Florida May Become First Southeast State To Legalize Medical Marijuana
As an appeals lawyer discusses, Florida may well become the twenty-third state to legalize marijuana for medical purposes. Although the measure must still be voted on and signed into law, marijuana entrepreneurs are hopeful.
The State of the Law on Medical Marijuana
Twenty two states currently have laws legalizing marijuana for medical purposes. Florida may soon join those ranks. Polls show that Florida voters are largely in favor of the legalization for medical use. They will have a chance to vote on the measure in November.
What May Happen If Florida Voters Approve the Measure
If the majority of Florida citizens vote in favor of legalization, this doesn’t mean they can begin using the drug right away. Florida already has a law allowing a certain type of marijuana for medical purposes. That drug has the lowest quantity of THC and only a select few nurseries are allowed to grow it. As a Florida federal appeals lawyer can explain, if the law is expanded to include other forms of pot, the state government will still need to step in and set regulations for growers and consumers. This could take six months to a year after the measure passes.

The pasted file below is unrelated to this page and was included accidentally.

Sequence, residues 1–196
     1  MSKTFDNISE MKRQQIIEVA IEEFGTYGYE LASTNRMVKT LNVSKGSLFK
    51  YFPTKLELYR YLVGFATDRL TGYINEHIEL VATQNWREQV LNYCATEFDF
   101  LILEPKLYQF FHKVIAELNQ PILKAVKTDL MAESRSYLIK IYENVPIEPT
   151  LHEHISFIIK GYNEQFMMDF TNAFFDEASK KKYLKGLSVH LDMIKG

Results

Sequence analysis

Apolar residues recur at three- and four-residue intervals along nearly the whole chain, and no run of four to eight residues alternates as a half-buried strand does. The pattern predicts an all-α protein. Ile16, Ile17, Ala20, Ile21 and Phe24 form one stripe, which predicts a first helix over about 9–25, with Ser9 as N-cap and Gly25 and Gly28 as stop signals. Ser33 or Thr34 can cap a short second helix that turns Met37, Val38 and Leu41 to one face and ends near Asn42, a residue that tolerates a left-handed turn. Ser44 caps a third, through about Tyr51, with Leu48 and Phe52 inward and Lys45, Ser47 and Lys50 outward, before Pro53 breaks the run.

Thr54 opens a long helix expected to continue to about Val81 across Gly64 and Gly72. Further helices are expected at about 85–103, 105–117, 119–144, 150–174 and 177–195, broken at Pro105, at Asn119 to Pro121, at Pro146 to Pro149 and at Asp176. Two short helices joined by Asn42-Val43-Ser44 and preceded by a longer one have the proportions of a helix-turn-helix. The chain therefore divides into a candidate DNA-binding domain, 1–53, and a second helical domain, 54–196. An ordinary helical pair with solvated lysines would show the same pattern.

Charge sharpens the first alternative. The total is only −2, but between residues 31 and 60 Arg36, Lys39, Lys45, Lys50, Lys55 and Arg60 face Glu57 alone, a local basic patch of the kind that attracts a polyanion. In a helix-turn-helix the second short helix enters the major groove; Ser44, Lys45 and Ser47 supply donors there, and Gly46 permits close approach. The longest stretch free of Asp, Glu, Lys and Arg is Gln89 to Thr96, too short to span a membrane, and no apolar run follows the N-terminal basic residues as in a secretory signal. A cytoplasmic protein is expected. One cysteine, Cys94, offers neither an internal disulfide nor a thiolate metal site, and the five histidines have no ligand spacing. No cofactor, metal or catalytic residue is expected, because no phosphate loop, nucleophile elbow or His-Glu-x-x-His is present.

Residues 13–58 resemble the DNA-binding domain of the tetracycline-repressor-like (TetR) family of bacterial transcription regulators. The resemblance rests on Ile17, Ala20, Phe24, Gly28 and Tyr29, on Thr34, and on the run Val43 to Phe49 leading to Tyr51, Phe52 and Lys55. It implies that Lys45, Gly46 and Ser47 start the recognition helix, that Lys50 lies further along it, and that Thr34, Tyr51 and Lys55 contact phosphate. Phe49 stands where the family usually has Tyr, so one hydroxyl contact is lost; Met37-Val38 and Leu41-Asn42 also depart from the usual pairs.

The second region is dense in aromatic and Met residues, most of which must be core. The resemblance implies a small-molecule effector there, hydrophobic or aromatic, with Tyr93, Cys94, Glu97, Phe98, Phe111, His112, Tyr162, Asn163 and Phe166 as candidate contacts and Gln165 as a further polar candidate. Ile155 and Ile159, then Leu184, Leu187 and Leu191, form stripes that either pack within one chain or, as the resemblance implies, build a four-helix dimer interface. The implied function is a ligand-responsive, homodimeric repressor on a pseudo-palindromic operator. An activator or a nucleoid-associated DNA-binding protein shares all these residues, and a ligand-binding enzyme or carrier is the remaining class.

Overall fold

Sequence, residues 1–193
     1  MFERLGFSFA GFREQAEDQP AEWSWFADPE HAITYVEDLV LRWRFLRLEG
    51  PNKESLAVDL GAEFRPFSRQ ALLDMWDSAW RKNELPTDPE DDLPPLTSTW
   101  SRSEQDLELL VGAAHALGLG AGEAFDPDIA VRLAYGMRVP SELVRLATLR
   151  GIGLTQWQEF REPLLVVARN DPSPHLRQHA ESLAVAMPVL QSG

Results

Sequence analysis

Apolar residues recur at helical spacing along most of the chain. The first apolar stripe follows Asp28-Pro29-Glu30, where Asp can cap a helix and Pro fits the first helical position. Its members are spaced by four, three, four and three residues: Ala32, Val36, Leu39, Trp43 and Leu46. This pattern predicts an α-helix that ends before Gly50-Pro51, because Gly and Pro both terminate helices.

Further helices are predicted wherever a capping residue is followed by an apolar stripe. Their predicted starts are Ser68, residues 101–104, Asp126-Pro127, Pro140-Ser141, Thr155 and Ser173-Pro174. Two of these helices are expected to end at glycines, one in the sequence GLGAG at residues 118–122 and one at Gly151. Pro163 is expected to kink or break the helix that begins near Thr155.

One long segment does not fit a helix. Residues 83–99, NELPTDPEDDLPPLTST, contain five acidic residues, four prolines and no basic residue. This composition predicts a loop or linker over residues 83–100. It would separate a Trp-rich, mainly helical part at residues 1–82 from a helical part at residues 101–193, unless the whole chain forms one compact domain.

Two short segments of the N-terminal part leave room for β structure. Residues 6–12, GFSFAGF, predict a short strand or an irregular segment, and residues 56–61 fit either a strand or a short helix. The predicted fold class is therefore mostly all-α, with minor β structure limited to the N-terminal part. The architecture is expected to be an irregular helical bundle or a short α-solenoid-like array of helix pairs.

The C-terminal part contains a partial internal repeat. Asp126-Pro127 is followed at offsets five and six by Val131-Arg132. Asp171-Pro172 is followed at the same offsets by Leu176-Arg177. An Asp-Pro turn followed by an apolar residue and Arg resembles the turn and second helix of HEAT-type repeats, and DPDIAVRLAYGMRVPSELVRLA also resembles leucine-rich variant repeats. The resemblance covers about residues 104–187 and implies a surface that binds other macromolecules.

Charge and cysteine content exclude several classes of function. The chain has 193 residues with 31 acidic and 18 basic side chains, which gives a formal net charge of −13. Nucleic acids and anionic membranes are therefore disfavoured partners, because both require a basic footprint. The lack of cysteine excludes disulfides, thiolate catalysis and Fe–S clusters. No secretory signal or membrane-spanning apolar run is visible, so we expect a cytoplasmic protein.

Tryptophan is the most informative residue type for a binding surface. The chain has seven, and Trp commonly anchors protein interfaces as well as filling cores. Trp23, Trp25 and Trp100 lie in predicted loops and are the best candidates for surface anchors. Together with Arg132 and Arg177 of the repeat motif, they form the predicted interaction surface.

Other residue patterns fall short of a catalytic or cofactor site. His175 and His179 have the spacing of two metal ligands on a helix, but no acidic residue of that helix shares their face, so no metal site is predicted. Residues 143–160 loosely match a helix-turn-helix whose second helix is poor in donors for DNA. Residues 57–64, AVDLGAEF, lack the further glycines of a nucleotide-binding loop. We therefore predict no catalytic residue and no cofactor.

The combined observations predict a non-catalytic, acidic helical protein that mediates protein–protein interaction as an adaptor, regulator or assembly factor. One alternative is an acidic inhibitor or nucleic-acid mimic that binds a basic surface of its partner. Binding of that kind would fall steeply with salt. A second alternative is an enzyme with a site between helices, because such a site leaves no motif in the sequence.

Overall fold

How Business Owners Are Preparing in Advance
Even though the passage of the marijuana legalization law is not certain, many entrepreneurs are already preparing to expanding their enterprises into the Florida market. A Florida appeals lawyer can explain what the law means to a small business owner or one looking to either grow or use marijuana for medical purposes should the ballot initiative become law.
For help from an experienced Florida federal appeals lawyer for your sensitive legal matter, contact Brownstone Law. Call 855.776.2773 to set up an appointment for an initial consultation to discuss your best options.
Pennsylvania Appellate Process for the Third Circuit Court of Appeals A federal criminal conviction in the federal courts of Pennsylvania is...
S.M. v Los Angeles Unified School District Appeal Courts have long held that school teachers and their supervisors are responsible f...